Smartboards instead of whiteboards. Tablets instead of paper. Kindles instead of books. This isn't science fiction— for many teachers and students around the country, this is the reality.
In the past decade, schools and other educators have had to make huge adjustments in light of our constantly evolving and increasingly digital world. Today, with the advent of COVID-19 and the sudden switch to online learning, online classrooms and online tutors, technology's role in education is bigger than ever. At its core, it is revolutionising the educational experience, with online environments altering the classroom dynamics while providing more opportunities for digital assessment.
From more active learning to increased collaboration, in this article, we'll discuss four key ways in which technology is changing the way children learn.
With the rise of technology, classrooms and other learning environments have become increasingly student-centred. Long gone are the days of sitting passively and writing down notes from the whiteboard while teachers talk. Nowadays, children can access the web and find almost endless information. Subsequently, the way children learn is much more autonomous and self-directed. On the other hand, the role of educators has shifted from just conveying information to helping children find that information and use it to solve problems.
While learning has become more autonomous, technology allows students to be more connected and thus makes their learning experiences more collaborative. In short, technology facilitates collaboration through social networks, instant messaging and apps such as Google Drive, Dropbox and Zoom. Whereas in the past children might have written their answers on a piece of paper, an online tutor or teacher can now allow a sharing of ideas by creating a classroom Google Doc.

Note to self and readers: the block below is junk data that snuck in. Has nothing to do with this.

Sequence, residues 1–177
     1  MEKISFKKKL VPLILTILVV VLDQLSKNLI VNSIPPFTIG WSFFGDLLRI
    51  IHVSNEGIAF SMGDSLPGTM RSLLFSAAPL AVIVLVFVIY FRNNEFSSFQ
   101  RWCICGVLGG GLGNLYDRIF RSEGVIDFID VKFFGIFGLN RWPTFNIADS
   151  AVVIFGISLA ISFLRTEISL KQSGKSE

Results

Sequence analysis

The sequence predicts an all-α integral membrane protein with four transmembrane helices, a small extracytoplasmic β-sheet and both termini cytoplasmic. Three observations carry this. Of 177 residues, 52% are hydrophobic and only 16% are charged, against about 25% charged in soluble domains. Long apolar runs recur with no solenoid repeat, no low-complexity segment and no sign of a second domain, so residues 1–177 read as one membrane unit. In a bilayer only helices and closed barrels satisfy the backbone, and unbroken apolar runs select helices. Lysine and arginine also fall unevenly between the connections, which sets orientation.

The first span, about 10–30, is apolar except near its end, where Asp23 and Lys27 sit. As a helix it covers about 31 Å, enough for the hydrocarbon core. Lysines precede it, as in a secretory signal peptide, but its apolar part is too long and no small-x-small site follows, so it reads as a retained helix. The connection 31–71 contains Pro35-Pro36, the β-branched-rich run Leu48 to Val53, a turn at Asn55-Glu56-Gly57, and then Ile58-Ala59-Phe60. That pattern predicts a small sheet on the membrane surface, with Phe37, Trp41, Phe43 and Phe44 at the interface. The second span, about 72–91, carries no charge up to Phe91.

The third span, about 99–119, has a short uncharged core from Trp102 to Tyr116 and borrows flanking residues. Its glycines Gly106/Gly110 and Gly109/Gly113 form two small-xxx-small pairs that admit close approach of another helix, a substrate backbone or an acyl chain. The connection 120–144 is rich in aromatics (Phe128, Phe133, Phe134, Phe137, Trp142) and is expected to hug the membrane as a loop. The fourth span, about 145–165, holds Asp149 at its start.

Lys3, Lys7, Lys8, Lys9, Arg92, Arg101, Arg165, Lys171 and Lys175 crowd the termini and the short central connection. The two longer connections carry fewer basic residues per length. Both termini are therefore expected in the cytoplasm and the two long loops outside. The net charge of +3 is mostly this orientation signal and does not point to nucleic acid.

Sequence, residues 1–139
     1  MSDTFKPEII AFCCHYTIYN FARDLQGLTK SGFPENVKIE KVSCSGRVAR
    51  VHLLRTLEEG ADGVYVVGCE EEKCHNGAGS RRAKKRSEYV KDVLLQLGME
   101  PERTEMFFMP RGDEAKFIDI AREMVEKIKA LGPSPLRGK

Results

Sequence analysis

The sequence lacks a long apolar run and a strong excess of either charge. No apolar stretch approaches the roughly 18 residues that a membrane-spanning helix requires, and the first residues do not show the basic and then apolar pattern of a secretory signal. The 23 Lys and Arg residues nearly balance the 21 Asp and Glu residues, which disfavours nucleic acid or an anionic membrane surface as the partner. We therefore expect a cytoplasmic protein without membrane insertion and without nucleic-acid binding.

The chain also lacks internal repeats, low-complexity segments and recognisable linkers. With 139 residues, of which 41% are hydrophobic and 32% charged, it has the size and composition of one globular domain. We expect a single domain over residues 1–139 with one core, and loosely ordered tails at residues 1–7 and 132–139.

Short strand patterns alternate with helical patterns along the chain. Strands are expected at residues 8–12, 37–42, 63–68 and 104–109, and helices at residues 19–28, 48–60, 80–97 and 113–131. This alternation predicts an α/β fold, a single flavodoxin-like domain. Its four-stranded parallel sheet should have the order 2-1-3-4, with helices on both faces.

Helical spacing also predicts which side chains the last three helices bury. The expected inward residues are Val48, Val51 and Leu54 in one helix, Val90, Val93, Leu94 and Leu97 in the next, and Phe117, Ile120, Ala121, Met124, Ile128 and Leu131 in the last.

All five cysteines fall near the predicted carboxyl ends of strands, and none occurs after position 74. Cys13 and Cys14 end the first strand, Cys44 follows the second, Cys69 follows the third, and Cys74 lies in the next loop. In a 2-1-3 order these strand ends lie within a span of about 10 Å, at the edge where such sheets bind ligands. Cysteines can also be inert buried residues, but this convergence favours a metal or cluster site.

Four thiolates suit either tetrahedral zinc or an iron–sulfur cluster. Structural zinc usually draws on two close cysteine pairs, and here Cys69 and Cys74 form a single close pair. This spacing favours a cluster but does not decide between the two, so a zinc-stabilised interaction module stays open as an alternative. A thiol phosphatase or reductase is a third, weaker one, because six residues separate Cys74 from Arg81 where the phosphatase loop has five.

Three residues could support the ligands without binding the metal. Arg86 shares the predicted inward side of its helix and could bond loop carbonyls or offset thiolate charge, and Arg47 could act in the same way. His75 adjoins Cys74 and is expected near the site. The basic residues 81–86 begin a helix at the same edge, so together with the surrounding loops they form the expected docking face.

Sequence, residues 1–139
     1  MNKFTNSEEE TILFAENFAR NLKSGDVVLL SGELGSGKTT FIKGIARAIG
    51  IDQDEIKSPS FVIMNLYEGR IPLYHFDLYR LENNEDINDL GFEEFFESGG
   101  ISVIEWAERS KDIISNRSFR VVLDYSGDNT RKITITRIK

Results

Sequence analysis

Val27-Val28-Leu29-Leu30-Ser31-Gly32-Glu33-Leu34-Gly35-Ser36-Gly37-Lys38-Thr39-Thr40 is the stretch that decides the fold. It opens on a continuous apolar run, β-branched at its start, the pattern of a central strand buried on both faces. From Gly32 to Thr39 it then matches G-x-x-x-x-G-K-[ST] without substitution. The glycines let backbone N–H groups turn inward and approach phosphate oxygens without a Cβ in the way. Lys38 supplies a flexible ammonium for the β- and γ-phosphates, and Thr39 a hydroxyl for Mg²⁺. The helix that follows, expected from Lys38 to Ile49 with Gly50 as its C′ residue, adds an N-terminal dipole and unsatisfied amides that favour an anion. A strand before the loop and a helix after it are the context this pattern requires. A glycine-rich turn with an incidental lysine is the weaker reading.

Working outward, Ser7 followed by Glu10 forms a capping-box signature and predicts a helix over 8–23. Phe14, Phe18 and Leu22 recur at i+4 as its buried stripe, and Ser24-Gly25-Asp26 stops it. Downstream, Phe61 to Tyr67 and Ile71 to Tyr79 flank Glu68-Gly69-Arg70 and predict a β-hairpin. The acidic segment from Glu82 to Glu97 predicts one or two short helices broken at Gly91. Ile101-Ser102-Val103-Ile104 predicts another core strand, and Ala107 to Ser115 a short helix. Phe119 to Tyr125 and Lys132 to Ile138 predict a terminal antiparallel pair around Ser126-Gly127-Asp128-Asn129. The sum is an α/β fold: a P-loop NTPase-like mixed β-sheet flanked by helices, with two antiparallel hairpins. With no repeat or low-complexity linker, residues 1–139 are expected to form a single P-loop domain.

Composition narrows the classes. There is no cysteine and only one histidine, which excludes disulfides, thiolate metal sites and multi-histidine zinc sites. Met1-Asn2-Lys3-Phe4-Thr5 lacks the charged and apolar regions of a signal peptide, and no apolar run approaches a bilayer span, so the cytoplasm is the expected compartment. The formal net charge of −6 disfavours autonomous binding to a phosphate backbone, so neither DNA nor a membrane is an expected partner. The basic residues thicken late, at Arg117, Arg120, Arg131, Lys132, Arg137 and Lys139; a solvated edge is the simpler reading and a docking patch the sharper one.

One of the most valuable outcomes of technology in learning spaces is the ability to tailor activities to different learning styles. It is no secret that every student learns differently. Technology allows students to learn at their own pace and in their own way, incorporating self-study, flexible instruction and group discussion.
A 'side-effect' of increasing technology has been a switch to digital assessments. This includes but is not limited to online essays, quizzes and projects. The switch to online assessment ultimately changes the way children learn by allowing them to learn through a range of media, from videos to images and even games.
Likewise, the digital assessment allows for a more personalised experience. An online tutor would be able to collect data and analyse where a student is going well and where more work is needed. Consequently, the student would receive more tailored guidance and improve his or her problem areas before the next test.
In short, technology is making the way children learn more flexible, collaborative and active compared to traditional classroom settings. In the future, we are likely to see exciting new developments to further enhance the educational experience. After all, trialling and adopting new technology is a never-ending process, and the way children learn in 5-10 years from now is likely to be vastly different from today.